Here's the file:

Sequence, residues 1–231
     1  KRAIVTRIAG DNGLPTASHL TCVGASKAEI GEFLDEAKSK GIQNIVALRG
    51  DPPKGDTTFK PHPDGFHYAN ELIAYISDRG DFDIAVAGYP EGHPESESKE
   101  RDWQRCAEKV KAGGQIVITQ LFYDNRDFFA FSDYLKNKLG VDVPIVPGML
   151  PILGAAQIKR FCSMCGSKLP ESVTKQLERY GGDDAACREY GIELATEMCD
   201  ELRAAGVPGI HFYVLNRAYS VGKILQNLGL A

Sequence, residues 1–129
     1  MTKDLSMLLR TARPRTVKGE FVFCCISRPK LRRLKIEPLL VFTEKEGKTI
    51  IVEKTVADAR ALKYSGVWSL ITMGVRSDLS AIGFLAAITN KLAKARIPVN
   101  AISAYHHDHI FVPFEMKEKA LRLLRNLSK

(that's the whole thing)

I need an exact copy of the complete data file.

Sequence, residues 1–231
     1  KRAIVTRIAG DNGLPTASHL TCVGASKAEI GEFLDEAKSK GIQNIVALRG
    51  DPPKGDTTFK PHPDGFHYAN ELIAYISDRG DFDIAVAGYP EGHPESESKE
   101  RDWQRCAEKV KAGGQIVITQ LFYDNRDFFA FSDYLKNKLG VDVPIVPGML
   151  PILGAAQIKR FCSMCGSKLP ESVTKQLERY GGDDAACREY GIELATEMCD
   201  ELRAAGVPGI HFYVLNRAYS VGKILQNLGL A

Sequence, residues 1–129
     1  MTKDLSMLLR TARPRTVKGE FVFCCISRPK LRRLKIEPLL VFTEKEGKTI
    51  IVEKTVADAR ALKYSGVWSL ITMGVRSDLS AIGFLAAITN KLAKARIPVN
   101  AISAYHHDHI FVPFEMKEKA LRLLRNLSK